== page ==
Gail & Andy Madsen joined Mandala Adventures for our exhilarating tour of Central Asia, traveling through Uzbekistan and Turkmenistan along the fabled Great Silk Road. We spoke to them about their journey and what made their experience so special.
Why did you chose this trip and what were your expectations of the Great Silk Road before you went?
We had been fascinated by the history of the great cities of Samarkand and Bukhara since learning about their history as children, but weren’t sure how easy it would be to arrange travel in Central Asia. With Mandala taking care of logistics, the trip was surprisingly easy.
How did MTS help your dream trip come to life?
In Central Asia you really need to have guides and Mandala works with excellent country guides, who in turn hire the best local guides, which makes a huge difference. Bava (Babageldi Charyyev), our country guide in Turkmenistan, was one of the most remarkable people we’ve met anywhere in the world. In fact, guides were such a big part of this trip for us that we really would love to go back just to see them again.
What was your top trip highlight?
The beauty of this tour is that each place has its unique attractions. Turkmenistan offers great archeology (and certainly interesting if totally garish and bizarre modern Ashgabat), Uzbekistan’s three main historical sites are all great in their own ways. Walking through Khiva, sunset over the ruins of Merv, first look inside Samarkand’s grand mosques—it’s hard to pick one thing.
What was your most unexpected moment?
Visiting the silk carpet factory in Samarkand was a delightful extra that we arranged with the local guide. We were given a very memorable tour by the manager—an amazing person who is also a doctor with Medicins Sans Frontieres. The silk carpets take one to two years to weave, so you need to spend time choosing the right one!
Where was your favorite place to stay?
Bukhara and Khiva are a tie. They both retain a lot of local color, and are very pleasant but in different ways. Bukhara has traces of really old, deep culture, while Khiva still looks like the wild, desert, slave-trading fortress that it was for centuries. They could film a Game of Thrones episode there! Samarkand is also beautiful, but larger and more touristy.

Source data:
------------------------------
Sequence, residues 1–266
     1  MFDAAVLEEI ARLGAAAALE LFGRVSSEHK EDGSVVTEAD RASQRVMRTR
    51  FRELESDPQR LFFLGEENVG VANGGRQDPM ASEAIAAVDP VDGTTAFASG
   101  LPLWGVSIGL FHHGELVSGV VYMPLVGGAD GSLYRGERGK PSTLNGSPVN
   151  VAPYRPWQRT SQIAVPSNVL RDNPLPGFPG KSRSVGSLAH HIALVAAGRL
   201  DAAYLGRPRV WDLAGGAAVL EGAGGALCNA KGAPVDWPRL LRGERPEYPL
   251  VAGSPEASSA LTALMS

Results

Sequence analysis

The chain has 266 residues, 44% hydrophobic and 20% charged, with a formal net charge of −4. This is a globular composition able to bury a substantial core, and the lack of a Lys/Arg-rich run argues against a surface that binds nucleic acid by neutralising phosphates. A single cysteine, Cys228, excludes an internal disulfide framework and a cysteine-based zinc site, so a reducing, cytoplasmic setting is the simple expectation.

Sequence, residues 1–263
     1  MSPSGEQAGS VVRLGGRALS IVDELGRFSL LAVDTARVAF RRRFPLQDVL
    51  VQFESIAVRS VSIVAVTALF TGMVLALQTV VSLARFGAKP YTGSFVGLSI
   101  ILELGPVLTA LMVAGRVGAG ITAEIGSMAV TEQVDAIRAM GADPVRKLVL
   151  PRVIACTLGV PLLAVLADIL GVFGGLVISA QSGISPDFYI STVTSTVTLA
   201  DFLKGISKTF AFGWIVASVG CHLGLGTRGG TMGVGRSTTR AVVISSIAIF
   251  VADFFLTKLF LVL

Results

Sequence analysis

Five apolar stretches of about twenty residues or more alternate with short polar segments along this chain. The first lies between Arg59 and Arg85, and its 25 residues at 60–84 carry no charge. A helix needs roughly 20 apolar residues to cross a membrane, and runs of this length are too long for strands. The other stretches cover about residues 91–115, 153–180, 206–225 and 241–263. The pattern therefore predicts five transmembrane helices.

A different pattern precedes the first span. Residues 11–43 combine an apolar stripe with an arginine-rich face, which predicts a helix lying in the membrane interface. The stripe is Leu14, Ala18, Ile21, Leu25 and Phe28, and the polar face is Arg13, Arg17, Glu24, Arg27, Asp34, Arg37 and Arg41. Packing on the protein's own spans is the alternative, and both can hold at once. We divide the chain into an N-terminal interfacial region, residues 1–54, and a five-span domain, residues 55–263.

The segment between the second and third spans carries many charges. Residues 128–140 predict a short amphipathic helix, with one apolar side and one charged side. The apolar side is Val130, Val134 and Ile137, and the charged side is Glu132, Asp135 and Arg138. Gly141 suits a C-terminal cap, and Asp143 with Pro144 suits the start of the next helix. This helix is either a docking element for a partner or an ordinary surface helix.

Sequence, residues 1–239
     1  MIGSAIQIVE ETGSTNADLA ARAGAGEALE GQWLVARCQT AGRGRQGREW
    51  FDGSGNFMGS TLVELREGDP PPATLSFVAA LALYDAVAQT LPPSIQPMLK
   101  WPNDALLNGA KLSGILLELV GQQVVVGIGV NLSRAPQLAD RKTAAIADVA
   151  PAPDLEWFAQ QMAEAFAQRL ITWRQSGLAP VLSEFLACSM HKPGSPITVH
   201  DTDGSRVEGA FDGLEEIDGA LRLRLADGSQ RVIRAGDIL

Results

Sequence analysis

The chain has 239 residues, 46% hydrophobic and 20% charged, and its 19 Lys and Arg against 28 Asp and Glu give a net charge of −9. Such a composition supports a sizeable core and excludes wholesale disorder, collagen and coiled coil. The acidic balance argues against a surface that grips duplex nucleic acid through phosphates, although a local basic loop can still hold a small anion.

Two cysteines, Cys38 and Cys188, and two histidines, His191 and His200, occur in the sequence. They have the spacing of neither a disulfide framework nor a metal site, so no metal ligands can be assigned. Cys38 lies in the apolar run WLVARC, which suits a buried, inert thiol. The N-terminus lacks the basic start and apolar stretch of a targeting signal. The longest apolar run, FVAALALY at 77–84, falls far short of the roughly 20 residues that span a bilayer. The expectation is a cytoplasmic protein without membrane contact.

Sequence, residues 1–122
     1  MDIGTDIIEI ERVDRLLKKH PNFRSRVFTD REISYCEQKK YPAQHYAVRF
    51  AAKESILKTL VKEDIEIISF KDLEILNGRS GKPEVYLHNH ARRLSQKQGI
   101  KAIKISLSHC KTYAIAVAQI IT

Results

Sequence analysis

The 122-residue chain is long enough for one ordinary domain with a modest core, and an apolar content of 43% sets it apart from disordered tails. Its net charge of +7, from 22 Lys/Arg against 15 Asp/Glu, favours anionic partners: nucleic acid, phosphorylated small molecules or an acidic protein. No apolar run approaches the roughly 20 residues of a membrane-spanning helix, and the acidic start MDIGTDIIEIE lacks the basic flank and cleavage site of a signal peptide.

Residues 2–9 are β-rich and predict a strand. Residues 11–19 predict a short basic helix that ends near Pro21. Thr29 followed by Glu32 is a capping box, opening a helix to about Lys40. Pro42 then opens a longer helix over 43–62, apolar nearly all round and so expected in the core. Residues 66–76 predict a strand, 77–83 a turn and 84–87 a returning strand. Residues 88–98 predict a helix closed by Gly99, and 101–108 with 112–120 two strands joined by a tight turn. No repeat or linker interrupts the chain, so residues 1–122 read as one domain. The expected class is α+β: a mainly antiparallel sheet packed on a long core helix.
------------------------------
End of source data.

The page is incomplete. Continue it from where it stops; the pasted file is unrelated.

Did you buy anything interesting?
Uzbekistan has many really great artisans, and both Samarkand’s Registan and Bukhara’s old city have excellent specialty shops where you can buy ceramics, embroidered fabrics, cutlery, etc. One of the highlights was stopping at the Gijduvan “museum of ceramics” on the way to Bukhara. We got a lot of things and needed to buy an extra bag on the last day in Tashkent to pack it all! Local guides are delighted to take you to great local shops, beyond the main bazaars, where pieces are hand-made and prices are unbelievable.
What do you tell your friends about your trip through Central Asia?
We tell our friends that Uzbekistan and Turkmenistan are surprisingly comfortable, generally welcoming places that are safe and relatively easy to visit (except for border crossings, but these are manageable, especially with experienced guides). They have some of the greatest historical sites in the world, and very beautiful and unique cities. The guides go out of their way to make you feel at home!